The grammar of the title is shaky, but I am going for something vaguely like “of what responsibilities does the quality of genius absolve a person?”
Nikolay Nekrasov famously wrote “Поэтом можешь ты не быть, но гражданином быть обязан” – my translation of that would be “You needn’t be a poet, but you must be a citizen.” That is, genius or no, you better be a decent person and have reasonable opinions. Maybe my previous posts on art as trial by combat and even the post on Tim Thomas kind of implicitly point it out so you’re probably not surprised, but I disagree. This dilemma is best personified by the Russian poet Mayakovsky. Because his ideals (an anti-Nature philosophy, a belief in the purposeful destruction of cultural heritage, Stalinism to name three) are completely against anything most people (including me) believe, and also because he put these ideals in his poetry, a lot of people dislike his poetry. But to me, his poetry is no less amazing because the ideas in some poems are wrong or bizarre, and no less amazing because of who he was as a person.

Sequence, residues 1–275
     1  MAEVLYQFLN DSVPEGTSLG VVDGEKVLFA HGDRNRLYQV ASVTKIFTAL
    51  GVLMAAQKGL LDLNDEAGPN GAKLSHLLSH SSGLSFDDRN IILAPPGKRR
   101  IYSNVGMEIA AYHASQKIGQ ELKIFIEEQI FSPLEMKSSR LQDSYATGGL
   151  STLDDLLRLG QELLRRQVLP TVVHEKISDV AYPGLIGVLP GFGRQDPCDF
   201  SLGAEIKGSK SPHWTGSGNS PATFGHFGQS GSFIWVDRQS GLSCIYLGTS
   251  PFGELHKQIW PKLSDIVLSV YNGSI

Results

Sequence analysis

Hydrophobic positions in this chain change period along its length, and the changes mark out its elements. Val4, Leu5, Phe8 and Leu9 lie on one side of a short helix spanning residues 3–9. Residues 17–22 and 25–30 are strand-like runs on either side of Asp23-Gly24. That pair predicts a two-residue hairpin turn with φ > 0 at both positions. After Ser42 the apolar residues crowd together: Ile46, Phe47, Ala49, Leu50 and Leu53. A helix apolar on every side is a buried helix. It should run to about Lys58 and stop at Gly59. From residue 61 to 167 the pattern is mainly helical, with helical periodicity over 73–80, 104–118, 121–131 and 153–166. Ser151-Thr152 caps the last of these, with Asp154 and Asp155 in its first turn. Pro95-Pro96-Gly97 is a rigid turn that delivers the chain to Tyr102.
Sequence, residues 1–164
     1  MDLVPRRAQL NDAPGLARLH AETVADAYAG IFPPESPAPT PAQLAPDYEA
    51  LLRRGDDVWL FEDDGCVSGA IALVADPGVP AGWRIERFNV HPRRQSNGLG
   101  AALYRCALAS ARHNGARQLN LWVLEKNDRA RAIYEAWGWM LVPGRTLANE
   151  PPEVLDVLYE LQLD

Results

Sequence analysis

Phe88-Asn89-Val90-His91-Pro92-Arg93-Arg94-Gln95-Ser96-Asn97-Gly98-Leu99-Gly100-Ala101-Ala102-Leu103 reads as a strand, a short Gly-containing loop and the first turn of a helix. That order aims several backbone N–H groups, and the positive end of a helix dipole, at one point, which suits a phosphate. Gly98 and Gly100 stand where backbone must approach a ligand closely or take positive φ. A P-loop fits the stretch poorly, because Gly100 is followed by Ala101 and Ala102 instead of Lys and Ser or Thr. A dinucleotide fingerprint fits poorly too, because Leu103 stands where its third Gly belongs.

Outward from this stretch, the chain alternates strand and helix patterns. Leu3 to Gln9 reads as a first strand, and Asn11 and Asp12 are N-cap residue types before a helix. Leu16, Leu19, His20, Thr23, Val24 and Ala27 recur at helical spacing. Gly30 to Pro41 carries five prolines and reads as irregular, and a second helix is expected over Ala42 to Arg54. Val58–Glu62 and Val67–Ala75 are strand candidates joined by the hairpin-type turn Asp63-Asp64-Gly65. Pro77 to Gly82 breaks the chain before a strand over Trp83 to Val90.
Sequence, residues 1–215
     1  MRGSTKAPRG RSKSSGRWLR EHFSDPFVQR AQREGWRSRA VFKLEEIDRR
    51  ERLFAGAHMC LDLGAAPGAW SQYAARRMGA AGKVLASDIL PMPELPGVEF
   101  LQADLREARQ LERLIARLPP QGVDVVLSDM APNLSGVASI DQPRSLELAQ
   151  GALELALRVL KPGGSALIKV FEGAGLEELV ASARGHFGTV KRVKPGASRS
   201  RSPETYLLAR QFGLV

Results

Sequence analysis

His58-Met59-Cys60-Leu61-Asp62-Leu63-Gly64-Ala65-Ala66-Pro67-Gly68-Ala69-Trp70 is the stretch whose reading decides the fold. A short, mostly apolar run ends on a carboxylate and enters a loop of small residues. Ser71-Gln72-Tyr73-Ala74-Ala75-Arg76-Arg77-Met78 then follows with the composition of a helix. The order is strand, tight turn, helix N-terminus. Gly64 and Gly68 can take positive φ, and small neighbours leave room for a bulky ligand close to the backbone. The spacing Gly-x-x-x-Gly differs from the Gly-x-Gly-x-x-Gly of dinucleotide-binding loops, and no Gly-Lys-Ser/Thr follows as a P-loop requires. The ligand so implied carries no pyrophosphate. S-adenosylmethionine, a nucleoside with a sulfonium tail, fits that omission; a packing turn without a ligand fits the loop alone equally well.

Anyway, I was planning an elaborate post on this, and then I read one sentence in a Tommaso Landolfi story that sort of made my opinion seem ludicrous much better than any argument could:
“It is true,” a great man once said, “that I also have to pee, but for quite different reasons.”
Totally skewers any point I was going to make. So, I don’t know. It’s a difficult question.